Energy is gone from gas-industry lawsuit
Leaders of the Colorado Oil & Gas Association offered praise for Gov. John Hickenlooper Thursday when they announced they were ending a 2-year-old lawsuit over the state’s new oil and gas regulations.
Good for them. Their assessment of the new governor and his team certainly appears correct. The Daily Sentinel has already lauded Hickenlooper on several occasions for recognizing the need to develop the state’s abundant natural gas reserves.
But COGA’s decision to dismiss the lawsuit can also be viewed as a victory for former Gov. Bill Ritter.
It was Ritter, after all, who stumped on the campaign trail for tough new regulations to ensure wildlife, water, public health and landowners’ rights were protected while allowing the state’s gas and oil resources to be developed.
It was his administration that pushed for new legislation regarding oil and gas development, and that appointed new members to an expanded Colorado Oil and Gas Conservation Commission once that legislation had passed. And it was his team that assisted the commission as it developed the new rules that, initially at least, were so despised by many in the industry.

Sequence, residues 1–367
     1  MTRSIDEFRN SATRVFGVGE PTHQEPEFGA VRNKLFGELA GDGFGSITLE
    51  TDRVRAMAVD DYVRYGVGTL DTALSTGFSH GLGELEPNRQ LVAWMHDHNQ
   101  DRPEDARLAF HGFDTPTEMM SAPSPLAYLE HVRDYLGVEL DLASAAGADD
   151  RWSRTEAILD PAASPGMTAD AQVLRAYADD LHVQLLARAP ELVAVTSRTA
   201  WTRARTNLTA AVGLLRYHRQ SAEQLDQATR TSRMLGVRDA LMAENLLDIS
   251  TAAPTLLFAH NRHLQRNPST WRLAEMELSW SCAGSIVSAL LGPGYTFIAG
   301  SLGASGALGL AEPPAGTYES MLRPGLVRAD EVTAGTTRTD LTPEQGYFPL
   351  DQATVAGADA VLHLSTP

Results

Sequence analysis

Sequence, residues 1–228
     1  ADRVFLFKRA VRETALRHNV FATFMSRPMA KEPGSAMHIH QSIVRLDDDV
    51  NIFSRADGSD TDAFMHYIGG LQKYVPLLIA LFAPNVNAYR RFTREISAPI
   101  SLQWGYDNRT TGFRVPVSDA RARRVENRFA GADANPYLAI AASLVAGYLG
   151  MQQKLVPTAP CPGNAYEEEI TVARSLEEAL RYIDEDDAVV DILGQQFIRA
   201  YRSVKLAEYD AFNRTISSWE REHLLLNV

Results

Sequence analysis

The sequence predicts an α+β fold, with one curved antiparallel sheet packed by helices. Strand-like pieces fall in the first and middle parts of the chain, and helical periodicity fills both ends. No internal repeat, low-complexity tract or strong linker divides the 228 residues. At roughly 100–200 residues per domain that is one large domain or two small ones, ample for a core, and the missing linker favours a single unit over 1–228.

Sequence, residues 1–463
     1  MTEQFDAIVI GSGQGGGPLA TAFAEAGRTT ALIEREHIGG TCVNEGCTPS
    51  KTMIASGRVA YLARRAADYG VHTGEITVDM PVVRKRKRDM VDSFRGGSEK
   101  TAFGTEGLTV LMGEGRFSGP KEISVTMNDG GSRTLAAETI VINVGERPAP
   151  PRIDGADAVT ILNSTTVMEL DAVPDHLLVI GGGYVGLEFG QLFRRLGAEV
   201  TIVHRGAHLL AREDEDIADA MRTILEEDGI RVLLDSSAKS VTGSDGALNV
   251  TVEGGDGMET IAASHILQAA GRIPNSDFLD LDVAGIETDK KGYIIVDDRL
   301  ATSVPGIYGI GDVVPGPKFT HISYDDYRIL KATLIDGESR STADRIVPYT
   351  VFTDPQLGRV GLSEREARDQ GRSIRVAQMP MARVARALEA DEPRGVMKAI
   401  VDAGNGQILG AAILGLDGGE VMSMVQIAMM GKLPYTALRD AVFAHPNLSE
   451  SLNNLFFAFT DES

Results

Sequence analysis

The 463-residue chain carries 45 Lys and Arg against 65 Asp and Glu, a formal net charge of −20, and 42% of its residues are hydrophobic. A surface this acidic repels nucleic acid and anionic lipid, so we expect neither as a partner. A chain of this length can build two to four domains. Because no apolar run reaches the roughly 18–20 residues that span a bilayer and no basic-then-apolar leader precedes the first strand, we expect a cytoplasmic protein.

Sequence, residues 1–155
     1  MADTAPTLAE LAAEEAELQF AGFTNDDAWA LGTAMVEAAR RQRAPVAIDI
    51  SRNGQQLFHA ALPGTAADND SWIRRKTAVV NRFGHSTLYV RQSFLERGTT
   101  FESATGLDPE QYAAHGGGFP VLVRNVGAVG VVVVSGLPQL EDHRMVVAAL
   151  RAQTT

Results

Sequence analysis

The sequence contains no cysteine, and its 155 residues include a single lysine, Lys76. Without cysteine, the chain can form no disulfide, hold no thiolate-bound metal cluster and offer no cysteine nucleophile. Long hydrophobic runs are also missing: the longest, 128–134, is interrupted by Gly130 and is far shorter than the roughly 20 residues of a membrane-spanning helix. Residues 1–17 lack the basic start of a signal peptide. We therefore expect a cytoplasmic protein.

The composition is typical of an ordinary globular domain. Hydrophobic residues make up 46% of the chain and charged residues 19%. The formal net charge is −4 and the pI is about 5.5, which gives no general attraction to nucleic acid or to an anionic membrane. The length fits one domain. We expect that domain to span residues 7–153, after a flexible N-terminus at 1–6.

Some members of that Ritter team are still working with the Hickenlooper administration, notably Mike King, now the director of the Department of Natural Resources.
Ritter had the unfortunate timing to see the new rules approaching completion just as the economy and new gas discoveries in other parts of the country were causing the bottom to fall out of the natural gas market.
Many in the industry blamed Ritter and the new regulations for the downturn in Colorado’s natural gas industry. Most later acknowledged that the new rules only played a small part in that downturn, and that they could work within the framework of those rules to continue to obtain drilling permits.
Additionally, the Oil and Gas Commission and the Department of Natural Resources have worked to make improvements to the new rules. For instance, they have speeded up the review process for drilling permits, a process that drilling companies originally claimed was so lengthy that it might bring drilling to a halt.
Those changes, combined with a new, more industry-friendly administration, drained the energy out of COGA’s lawsuit.
Perhaps, given the antagonism that existed between Ritter and the oil and gas industry, the dismissal of the lawsuit was next to impossible as long as he was governor.
We’re pleased a new spirit of cooperation exists between the industry and the Hickenlooper administration. We sincerely hope it continues because the industry is so important to this state and western Colorado in particular.
But we’re also happy the lawsuit is being dropped, and the important environmental and health protections established under Gov. Ritter will remain in place.